Register to Vote

With the UK Parliamentary General Election now called for 12 December 2019, the Scottish Conservative and Unionist Party is urging anyone not yet registered to vote to do so, and to arrange a postal vote if needed.

The most useful information is at https://www.saa.gov.uk/h-wi-vjb/the-electoral-register/ and the key points are:

You can now register online

  • Everyone is responsible for registering themselves. (Under the old system the head of every household could register everyone who lived at their address).
  • You need to provide a few more details to register including your national insurance number and date of birth. This makes the electoral register more secure.

Do not delay - Please register as quickly as possible to ensure that your application is accepted and that you get your vote in time for 12 December.

How to register - including for a postal vote (even if you already have registered at your current address)

Go to www.gov.uk/register-to-vote

  1. Fill in your name, address, date of birth and a few other details.
    You’ll also need your national insurance number, which can be found on your national insurance card, or in official paperwork such as payslips, or letters about benefits or tax credits.

  2. Look out for a confirmation to say you are registered.

You can also find advice there on making an application on paper if that is your preferred option.

If you want or need information about the Highland Council electoral registration officer or processes, you can find this at https://www.highland.gov.uk/info/20001/the_highland_and_western_isles_valuation_joint_board/507/the_electoral_register

Electoral Registration Officer

Moray House
16-18 Bank Street
Inverness
IV1 1QY

Telephone: 0800 393783

Email: ero@highland.gov.uk

 

 

The following is taken from the SAA website and reproduced here for ease of reference.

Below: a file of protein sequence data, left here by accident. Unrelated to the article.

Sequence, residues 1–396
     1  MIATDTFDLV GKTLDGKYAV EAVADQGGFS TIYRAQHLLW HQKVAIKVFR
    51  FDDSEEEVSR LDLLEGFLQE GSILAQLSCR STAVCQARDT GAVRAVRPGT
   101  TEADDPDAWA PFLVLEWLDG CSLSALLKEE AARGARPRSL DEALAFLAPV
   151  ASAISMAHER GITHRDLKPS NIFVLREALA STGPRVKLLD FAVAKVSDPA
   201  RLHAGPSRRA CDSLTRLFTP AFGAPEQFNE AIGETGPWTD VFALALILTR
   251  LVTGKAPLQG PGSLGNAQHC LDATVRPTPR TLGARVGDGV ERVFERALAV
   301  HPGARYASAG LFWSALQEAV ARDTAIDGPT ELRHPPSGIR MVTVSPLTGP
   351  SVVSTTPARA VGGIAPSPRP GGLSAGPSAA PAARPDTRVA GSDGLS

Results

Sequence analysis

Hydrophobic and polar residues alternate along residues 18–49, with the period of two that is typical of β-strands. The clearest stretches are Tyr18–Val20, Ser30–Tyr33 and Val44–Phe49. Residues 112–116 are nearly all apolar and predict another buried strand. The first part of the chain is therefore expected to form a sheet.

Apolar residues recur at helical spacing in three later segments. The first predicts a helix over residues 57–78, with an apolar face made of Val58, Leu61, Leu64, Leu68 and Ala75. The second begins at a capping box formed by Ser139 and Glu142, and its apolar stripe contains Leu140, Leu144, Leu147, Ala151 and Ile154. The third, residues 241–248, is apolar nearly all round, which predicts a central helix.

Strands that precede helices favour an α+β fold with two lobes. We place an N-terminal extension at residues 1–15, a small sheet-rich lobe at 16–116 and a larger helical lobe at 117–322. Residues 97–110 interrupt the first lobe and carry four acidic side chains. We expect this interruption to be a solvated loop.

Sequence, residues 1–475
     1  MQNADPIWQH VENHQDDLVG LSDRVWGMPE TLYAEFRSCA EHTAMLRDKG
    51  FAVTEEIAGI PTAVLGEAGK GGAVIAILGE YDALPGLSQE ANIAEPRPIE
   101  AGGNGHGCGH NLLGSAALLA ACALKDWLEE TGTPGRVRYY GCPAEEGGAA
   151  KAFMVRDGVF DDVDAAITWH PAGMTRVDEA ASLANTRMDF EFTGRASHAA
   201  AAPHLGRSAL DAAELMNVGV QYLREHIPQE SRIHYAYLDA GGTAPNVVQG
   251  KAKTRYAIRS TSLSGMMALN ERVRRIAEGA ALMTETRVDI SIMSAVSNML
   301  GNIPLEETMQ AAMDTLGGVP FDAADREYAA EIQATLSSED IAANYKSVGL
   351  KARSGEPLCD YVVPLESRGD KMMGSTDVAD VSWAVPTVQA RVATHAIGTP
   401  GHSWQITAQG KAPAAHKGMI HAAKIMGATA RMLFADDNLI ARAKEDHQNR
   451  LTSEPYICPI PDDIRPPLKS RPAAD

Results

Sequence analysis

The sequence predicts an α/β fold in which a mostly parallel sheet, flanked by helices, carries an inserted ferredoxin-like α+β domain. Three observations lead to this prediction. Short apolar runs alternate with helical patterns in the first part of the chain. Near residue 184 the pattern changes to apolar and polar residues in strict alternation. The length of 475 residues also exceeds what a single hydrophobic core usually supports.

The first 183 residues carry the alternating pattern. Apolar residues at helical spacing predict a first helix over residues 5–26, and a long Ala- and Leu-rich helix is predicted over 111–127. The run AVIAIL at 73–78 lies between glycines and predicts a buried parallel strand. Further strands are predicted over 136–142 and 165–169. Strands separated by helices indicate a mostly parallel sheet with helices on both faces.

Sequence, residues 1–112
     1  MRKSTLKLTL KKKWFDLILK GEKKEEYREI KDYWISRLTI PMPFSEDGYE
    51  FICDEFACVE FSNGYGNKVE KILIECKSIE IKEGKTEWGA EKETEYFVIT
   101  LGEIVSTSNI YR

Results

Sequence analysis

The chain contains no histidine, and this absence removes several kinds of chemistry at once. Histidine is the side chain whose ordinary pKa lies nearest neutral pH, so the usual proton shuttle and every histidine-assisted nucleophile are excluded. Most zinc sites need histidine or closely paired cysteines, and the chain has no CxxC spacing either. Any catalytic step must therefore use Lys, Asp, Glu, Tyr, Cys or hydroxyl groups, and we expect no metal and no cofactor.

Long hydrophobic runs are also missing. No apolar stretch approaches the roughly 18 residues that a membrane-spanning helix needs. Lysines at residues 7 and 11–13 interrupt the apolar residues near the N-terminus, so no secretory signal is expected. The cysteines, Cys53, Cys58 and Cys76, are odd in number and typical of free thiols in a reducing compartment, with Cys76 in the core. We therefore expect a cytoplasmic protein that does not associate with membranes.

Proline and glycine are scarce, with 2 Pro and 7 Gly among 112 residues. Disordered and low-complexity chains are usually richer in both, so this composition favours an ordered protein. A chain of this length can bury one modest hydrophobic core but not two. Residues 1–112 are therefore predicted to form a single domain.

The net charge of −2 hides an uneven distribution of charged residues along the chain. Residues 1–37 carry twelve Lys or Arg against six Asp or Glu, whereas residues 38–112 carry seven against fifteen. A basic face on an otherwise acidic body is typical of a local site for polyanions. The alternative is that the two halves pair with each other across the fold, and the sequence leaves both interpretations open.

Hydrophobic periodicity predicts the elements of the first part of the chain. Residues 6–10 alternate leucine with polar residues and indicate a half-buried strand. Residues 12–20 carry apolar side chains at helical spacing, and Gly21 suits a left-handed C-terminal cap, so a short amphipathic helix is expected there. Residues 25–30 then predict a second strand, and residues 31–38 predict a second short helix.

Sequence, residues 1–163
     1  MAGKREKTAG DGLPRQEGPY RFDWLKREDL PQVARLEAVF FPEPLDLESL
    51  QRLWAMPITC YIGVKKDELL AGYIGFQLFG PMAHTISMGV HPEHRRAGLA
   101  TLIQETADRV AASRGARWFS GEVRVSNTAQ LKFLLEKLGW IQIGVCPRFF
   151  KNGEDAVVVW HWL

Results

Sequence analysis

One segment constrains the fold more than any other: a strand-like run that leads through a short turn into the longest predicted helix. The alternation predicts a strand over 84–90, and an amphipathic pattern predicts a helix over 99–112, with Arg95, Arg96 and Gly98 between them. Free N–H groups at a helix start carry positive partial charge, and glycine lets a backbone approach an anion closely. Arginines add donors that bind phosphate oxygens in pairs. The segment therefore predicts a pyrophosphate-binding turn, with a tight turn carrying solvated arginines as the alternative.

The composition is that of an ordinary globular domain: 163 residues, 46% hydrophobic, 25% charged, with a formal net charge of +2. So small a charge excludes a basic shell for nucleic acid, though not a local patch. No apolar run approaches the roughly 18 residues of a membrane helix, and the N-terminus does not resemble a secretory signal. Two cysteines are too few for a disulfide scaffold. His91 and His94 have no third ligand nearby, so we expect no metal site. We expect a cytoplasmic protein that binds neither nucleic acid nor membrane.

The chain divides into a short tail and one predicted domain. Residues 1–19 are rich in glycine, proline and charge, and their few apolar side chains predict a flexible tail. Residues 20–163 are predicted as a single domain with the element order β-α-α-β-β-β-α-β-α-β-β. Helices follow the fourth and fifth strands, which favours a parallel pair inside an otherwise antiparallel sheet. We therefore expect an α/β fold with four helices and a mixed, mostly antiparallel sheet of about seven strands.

How to vote

If you are on the electoral register you will be sent a poll card just before an election. You can vote:

  • In person
  • By post
  • By proxy

Voting in person

White poll cards are issued to electors who vote in person at a polling station, and this card will state where your polling station is and when you can vote. On the day of the election you should go to your designated polling station between 7am and 10pm to cast your vote. Tell the staff inside the polling station your name and address so that they can check you are on the register and eligible to vote.  It is helpful to bring along your poll card but it is not essential if you don’t bring it along.

Voting by post or proxy

A postal vote can be sent to your home address or any other address specified by you, including overseas. You will need to consider if there would be time for you to receive and return your ballot papers by polling day. If you have been sent a postal vote, you cannot vote in person at a polling station.

Apply to vote by post

You must provide your personal signature and date of birth to make sure your vote is secure. Special arrangements are in place if you’re unable to provide a signature. Please contact us for further details. If you have chosen to vote by post you will receive a purple poll card.

You can also arrange to vote by proxy, meaning another person is authorised to vote on your behalf. A signature and date of birth are also required for proxy voters.

Apply to vote by proxy

Further details can be obtained by contacting the Electoral Registration Officer.

If you have a learning disability, you can follow the step-by-step easy read guide on how to register to vote online.

Your Right to Vote

The right to vote is summarised below. There are two distinct electoral franchises.

Parliamentary franchise

Parliamentary electors

A person is entitled to vote as an elector at a United Kingdom parliamentary election in any constituency if on the date of the poll he or she:

  • Is registered in the register of parliamentary electors for that constituency;
  • Is not subject to any legal incapacity to vote (age apart);
  • Is either a qualifying Commonwealth citizen or a citizen of the Republic of Ireland; and
  • Is of voting age

A person is not entitled to vote as an elector:

  • More than once in the same constituency at any parliamentary election
  • In more than one constituency at a general election

Local Government franchise

Local Government electors (who may also vote in European and Scottish Parliamentary elections)

A person is entitled to vote as an elector at a local government election in any electoral area if on the date of the poll he or she:

  • Is registered in the register of local government electors for that area